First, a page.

What If God Sees You Differently?

“Hi! I’m Chris, and I’m an alcoholic.”

“Hi, Chris,” a dozen voices respond.

One person’s brokenness and honesty and a small community’s embrace. Welcome, Chris. We know how it is. Come be you and be one of us.

In Alcoholics Anonymous or any recovery group, the journey of healing begins with owning the problem. The Bible calls that repentance: we recognize something about us is fundamentally messed up, and we drop the games, lies, and excuses and simply admit it. We’re fallen and we can’t get up.

But we want to. Oh, how long for something better.

That’s what salvation is about. We come honestly before God and say, “God, have mercy on me, a sinner.” And we trust in the simplicity of the gospel: “If you declare with your mouth, ‘Jesus is Lord,’ and believe in your heart that God raised him from the dead, you will be saved” (Romans 10:9 NIV).

But God’s salvation is about far more than escaping judgment and hell. God doesn’t just forgive our sins—he changes us. That’s the good news: not just forgiveness through Christ’s death but a new beginning through his resurrection, and with it, a new identity.

That’s what it means to be born again. In Christ, you’re a “new creation”—or, in the words of The Living Bible, “a brand new person inside. He [or she] is not the same anymore. A new life has begun!” (2 Corinthians 5:17).

Throughout the New Testament writings, particularly Romans and other letters of Paul the apostle, this is the gospel in its fullness: forgiveness, justification—and an utterly new mode of being, empowered by Christ in you (John 14:20). You are not what you were. You are something new. A son or daughter of God. One of his righteous ones. A saint in the true biblical sense of the word.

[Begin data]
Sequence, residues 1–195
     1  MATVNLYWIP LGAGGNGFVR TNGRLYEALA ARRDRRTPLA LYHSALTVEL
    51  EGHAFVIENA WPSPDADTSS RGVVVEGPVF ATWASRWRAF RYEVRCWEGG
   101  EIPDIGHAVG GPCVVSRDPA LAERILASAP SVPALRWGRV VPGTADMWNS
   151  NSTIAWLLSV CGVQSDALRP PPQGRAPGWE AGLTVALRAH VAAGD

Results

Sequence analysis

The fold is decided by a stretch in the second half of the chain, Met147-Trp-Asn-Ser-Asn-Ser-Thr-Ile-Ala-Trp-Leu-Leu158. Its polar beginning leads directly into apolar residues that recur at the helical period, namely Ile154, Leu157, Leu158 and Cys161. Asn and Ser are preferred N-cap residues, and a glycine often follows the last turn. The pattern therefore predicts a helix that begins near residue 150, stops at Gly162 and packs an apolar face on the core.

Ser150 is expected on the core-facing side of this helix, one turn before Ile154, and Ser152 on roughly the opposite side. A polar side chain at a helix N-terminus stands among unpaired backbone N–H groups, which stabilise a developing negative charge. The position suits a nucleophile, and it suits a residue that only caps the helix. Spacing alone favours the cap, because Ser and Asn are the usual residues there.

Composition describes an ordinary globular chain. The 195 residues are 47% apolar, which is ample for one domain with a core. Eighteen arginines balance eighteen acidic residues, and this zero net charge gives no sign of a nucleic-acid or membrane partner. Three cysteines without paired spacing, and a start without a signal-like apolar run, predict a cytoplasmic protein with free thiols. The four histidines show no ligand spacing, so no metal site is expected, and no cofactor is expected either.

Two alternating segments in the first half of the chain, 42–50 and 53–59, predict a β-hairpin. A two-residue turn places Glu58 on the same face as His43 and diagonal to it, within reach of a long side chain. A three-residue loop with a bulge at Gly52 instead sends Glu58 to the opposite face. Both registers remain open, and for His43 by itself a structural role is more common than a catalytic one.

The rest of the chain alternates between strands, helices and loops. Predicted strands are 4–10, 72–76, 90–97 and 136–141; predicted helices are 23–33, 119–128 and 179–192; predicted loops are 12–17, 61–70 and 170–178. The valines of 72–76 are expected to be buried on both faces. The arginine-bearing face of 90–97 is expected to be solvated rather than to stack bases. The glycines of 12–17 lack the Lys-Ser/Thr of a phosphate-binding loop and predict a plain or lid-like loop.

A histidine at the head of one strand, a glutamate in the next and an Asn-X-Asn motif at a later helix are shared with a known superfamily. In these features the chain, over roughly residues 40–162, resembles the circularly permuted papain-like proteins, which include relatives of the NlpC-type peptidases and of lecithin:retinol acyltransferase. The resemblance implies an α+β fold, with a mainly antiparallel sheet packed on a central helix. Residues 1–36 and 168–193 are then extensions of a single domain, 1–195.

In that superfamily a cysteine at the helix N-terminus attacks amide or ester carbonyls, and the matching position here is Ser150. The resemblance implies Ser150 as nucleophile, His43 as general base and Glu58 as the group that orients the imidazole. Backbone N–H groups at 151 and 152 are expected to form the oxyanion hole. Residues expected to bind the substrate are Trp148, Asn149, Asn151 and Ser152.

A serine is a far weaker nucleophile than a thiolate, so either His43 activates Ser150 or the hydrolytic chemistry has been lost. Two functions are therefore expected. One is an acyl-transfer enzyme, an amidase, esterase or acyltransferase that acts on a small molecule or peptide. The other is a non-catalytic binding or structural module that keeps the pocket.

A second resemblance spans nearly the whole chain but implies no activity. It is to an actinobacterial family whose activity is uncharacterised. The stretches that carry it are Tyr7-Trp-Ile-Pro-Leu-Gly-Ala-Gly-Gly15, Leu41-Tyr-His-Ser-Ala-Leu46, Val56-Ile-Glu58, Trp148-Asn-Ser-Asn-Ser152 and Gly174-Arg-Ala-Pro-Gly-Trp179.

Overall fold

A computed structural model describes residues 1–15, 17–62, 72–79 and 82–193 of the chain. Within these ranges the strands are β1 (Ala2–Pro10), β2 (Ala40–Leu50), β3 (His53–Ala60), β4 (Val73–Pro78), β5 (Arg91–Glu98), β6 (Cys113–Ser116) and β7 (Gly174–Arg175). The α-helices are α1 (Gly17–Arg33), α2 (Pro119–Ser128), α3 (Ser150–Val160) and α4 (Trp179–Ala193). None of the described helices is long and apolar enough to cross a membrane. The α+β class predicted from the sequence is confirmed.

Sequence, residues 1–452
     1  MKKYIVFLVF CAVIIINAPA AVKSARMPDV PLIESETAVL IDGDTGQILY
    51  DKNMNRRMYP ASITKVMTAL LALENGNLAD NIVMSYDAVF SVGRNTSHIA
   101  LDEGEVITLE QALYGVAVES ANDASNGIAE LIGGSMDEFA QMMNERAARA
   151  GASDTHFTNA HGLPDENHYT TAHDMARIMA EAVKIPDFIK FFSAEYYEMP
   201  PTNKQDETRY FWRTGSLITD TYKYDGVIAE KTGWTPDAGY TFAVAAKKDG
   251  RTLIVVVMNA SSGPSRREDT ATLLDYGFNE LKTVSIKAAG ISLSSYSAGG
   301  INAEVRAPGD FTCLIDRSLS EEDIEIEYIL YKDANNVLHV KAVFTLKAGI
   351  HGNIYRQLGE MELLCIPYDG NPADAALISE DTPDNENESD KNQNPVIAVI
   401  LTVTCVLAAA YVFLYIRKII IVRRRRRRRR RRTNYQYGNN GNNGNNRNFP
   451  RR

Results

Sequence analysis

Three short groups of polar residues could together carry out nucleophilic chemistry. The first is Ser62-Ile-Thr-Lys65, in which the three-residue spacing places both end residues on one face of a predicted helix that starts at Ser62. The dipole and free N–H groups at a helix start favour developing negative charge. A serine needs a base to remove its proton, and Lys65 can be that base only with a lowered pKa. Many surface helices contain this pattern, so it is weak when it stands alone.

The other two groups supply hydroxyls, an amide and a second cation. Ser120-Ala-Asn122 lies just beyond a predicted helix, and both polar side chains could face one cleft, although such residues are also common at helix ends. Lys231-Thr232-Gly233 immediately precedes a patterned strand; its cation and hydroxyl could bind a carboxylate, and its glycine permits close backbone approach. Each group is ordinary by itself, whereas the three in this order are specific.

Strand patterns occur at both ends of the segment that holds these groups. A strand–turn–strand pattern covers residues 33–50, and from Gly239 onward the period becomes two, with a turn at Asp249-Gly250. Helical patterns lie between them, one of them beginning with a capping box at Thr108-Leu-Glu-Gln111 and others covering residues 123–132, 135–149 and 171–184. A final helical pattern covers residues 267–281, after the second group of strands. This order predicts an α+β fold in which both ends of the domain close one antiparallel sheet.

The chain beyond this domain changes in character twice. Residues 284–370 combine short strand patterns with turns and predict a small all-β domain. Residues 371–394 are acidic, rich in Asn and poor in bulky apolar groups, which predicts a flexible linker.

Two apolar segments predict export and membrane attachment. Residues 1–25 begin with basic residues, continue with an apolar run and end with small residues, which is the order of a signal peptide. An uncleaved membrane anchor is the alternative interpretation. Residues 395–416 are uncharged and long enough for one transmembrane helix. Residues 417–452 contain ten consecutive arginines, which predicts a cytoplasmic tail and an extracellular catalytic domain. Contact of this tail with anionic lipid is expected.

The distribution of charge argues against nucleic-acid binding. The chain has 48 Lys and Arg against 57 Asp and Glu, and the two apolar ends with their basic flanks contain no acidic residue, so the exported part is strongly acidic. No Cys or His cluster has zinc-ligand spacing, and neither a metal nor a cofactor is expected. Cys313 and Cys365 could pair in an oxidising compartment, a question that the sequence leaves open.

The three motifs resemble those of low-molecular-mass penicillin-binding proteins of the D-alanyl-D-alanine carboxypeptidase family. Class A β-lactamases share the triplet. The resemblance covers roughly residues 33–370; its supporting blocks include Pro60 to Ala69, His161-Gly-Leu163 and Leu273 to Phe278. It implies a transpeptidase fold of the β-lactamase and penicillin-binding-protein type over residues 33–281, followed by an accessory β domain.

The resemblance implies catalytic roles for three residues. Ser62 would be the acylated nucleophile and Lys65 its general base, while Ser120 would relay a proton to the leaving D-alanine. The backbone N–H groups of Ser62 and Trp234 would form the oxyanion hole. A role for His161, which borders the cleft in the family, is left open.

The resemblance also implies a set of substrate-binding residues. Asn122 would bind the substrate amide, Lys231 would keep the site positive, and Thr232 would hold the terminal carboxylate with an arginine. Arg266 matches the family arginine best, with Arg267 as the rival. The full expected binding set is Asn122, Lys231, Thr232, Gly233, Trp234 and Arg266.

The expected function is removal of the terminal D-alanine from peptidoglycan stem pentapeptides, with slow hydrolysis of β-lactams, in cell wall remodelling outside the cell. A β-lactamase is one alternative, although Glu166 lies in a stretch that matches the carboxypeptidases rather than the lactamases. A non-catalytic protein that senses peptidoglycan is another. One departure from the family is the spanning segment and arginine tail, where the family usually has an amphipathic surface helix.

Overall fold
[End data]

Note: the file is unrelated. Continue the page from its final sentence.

Let’s put this in balance. You’re still a physical being, equipped with a body wired for temptation and sin. So were the apostles and other New Testament believers. But what the Bible calls “the flesh” no longer defined them, and it no longer defines you. Why? Because “you . . . are not in the flesh but in the Spirit, if in fact the Spirit of God dwells in you” (Romans 8:9 ESV). Who you really, most deeply are has been relocated to a deeper, holy place.

We tend to live out of our sense of identity. If you think of yourself primarily as a sinner, it’s no surprise when you sin. That’s what sinners do.

But if you trust in Jesus as your Savior, it’s time to start thinking of yourself very differently, as a child of God whose nature is holiness. That’s how God himself sees you—not because he’s playing Let’s Pretend but because that’s who he’s recreated you to be. How could he settle for less when he purchased you for himself with the blood of his own Son?

Now when you struggle against sin, it’s because sin is foreign to your very nature. You are reborn, equipped, and reoriented within for something higher and better and eternal. That’s your heart’s desire—because it’s who you are.

You are God’s and he is yours. See yourself as God sees you.“Hi, I’m (your name here), and I’m a child of God. I struggle with (your sin goes here), and I want to be honest about it. But I’m not that sin. Righteousness is my birthright. And I need your help, brothers and sisters, to walk as who I really am in Christ.”

Hi, You. Welcome to the club.

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